tormek T7

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Forum topic by yrob posted 11-09-2011 11:31 PM 2217 views 0 times favorited 7 replies Add to Favorites Watch
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340 posts in 3678 days

11-09-2011 11:31 PM

I am considering getting a Tormek and I am wondering how it achieves its edge. As far as I can tell, there is one single grinding stone and a leather honing wheel. That grinding stone probably has a rough grit (250? ), so how do you get the mirror edge? Is that solely achieved via the leather stropping wheel or do you have to use a stone grader tool to reset the grinding wheel to a finer grit as you go?

-- Yves

7 replies so far

View Bertha's profile


13529 posts in 2718 days

#1 posted 11-09-2011 11:40 PM

You use either a fine or coarse grading stone on the wheel. The powered strop charged with compound will get you to the mirror edge. Keep in mind that this is a hollow-grind, which may or may not be desirable to you. I own one but I use a $11 Eclipse jig and sandpaper for 99% of my sharpening.

-- My dad and I built a 65 chev pick up.I killed trannys in that thing for some reason-Hog

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340 posts in 3678 days

#2 posted 11-09-2011 11:44 PM

Thanks Al. Yes, I also sharpen with waterstones and a simple jig (well a MKII veritas). However, lately my time for woodworking has been curtailed and my pile of tools to sharpen (I keep buying some on ebay…) has been growing..

The hollow grind is ok with me. If anything, this makes it easier to free hand sharpen on a stone if I have to.

The T7 comes with only one stone right? You have to buy the finer one?

-- Yves

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13529 posts in 2718 days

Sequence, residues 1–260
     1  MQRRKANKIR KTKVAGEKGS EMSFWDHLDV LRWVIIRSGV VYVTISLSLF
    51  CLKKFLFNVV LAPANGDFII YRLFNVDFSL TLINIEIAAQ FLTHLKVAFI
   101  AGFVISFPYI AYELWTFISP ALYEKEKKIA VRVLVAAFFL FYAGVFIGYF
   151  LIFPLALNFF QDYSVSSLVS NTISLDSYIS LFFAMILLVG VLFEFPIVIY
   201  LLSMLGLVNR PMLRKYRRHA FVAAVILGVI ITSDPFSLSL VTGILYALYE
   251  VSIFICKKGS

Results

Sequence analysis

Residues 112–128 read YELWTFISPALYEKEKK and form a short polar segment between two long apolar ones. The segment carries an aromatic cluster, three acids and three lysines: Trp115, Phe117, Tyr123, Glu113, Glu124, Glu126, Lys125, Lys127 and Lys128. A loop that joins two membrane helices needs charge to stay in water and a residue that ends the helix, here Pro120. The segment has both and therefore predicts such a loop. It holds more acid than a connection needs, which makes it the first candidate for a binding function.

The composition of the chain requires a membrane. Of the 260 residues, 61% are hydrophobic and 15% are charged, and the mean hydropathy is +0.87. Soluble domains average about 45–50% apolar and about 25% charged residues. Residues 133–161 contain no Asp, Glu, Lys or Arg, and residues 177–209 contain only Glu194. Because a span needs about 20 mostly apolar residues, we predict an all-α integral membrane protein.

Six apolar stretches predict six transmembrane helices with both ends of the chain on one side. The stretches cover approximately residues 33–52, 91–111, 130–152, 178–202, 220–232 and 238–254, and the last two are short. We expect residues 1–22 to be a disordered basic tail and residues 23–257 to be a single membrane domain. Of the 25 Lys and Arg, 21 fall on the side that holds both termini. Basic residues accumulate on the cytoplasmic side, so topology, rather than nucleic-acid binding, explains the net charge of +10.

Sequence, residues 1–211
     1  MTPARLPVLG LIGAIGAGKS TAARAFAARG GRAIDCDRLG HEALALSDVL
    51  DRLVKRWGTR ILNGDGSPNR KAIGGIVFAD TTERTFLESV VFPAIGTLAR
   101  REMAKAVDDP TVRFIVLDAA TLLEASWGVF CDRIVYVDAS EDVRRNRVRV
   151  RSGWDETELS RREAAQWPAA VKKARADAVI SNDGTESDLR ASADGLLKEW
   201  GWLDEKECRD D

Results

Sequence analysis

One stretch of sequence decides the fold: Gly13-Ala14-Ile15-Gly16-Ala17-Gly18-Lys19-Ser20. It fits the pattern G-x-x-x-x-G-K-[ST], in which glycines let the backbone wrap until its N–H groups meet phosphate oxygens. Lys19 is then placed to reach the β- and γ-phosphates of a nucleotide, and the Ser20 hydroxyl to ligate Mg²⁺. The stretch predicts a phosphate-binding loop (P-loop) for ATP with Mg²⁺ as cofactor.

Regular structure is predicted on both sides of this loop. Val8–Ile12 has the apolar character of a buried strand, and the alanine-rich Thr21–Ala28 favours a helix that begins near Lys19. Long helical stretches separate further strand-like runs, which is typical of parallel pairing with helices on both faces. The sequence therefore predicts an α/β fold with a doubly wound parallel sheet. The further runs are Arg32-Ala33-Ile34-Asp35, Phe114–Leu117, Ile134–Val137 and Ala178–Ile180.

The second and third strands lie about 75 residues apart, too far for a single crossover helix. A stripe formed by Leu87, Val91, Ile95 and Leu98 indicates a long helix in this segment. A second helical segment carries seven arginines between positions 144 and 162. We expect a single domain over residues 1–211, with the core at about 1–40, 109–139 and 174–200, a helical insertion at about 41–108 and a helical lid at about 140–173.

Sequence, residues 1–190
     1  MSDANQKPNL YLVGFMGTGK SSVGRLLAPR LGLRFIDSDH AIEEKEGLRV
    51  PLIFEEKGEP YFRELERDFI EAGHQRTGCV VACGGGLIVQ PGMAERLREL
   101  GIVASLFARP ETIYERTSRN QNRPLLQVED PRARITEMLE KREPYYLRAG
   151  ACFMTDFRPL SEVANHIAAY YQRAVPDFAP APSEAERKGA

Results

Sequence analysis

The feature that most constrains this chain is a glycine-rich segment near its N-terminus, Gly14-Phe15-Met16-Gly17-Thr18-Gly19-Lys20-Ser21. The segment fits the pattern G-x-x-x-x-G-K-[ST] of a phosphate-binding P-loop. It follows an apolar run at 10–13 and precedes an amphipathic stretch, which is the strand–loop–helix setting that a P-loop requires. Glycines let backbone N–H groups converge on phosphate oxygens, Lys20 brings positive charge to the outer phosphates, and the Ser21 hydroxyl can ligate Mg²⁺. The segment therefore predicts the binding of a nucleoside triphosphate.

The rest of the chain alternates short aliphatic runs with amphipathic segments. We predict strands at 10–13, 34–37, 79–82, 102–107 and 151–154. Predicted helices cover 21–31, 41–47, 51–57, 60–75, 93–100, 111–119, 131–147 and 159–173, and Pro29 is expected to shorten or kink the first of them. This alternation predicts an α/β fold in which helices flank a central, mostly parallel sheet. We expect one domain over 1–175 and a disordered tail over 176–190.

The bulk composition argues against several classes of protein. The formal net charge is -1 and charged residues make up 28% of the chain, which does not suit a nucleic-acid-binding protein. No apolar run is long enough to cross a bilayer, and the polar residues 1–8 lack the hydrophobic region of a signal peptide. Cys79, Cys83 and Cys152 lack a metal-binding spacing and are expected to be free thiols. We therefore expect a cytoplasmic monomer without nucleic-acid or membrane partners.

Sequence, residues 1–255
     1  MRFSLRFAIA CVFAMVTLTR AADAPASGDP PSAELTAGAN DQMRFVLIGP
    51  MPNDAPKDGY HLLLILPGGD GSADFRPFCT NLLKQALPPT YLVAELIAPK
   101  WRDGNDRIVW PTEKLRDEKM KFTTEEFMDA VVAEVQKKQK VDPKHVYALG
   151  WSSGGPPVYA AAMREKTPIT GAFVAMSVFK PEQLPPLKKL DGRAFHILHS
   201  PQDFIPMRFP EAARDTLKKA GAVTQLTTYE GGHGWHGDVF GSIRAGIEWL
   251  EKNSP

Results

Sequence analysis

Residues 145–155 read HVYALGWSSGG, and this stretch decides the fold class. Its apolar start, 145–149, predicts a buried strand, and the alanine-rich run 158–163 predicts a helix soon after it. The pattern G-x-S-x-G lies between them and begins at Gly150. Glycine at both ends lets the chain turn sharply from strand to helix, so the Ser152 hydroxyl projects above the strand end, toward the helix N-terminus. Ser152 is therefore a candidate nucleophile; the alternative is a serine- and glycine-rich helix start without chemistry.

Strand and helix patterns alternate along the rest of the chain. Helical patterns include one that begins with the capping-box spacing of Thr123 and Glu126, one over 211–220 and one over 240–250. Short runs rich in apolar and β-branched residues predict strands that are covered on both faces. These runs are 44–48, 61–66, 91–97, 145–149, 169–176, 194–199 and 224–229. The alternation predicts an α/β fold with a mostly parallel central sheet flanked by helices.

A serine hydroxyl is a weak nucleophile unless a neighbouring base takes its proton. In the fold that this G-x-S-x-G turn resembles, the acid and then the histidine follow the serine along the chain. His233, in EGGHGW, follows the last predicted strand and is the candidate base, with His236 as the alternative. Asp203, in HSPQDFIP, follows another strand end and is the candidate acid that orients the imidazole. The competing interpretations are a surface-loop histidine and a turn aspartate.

#3 posted 11-09-2011 11:47 PM

eYves, I also like to start fresh with a hollow grind before moving over to the scary sharp. I made a big omission above when I neglected the turning tools; I’m not a big turner, so it was easy to overlook;) My Tormek came with a white stone that is quite a bit more fine than the one on my JET. The JET stone, however is much softer and easier to gouge. The diamond grader makes quick work of the JET stone but seems to struggle on the Tormek. To be honest, I have no idea what the grits are but they’re both factory. If I had it to do over again, I’d probably buy the Wolverine jig and a nice grinder.

-- My dad and I built a 65 chev pick up.I killed trannys in that thing for some reason-Hog

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Don W

18754 posts in 2593 days

#4 posted 11-10-2011 12:08 AM

How much difference is there between the Tormek and the grizzly. I looked at the tormek this morning in a couple of catalogs. Its $660+ and then you buy the accessories. I’d just buy a slow speed grinder before I spent that kind of money. My cheap Home depot special works, I just need to be careful not to burn. The grizzly is under $200.

-- - Collecting is an investment in the past, and the future.

View ChuckC's profile


828 posts in 2960 days

#5 posted 11-10-2011 12:23 AM

Look at the WorkSharp 3000 too. I just got one and highly recommend it.

View mcase's profile


446 posts in 3154 days

#6 posted 11-10-2011 12:42 AM

I’ve had the Tormek for five years or more now and can give you some guidance for straight edged grinds such as jointer knives and butt chisels. The Tormek is a GREAT hollow grind machine and it will accurately grind a plane knife up to 13” long. However (for straight edges anyway), forget all the polishing hype and the leather wheel. If you read the Tormek book there is all this nonsense about polishing. The leather wheel has give of course and envelopes the edge when its pressed against it. This leads to an edge that is nice and polished, but is actually rounded over dull. Also, forget or ignore all the Tormek nonsense about creating a series of micro bevels on the Tormek grinding wheel. The way to really use this machine is straightforward. You will make your life a lot easier by simply setting a nice hollow grind using the stone in its more aggressive grading. Then, because you have a hollow grind you can use the old quick free-hand technique of resting the heel and edge of your work on a waterstone and simply make a few passes at 4000. Polish at 6000 or 8000. I’m talking five or six strokes per grit, lap the back and your done.

View skunkeye's profile


7 posts in 2419 days

#7 posted 11-10-2011 02:19 AM

I’ve used a Tormek for several years, I generally wet grind to get rid of dings and waterstones for final sharpening.

The leather wheel will get chisels sharp enough to shave the hair off your arm, but for paring cuts I seem to get better results off the stone.

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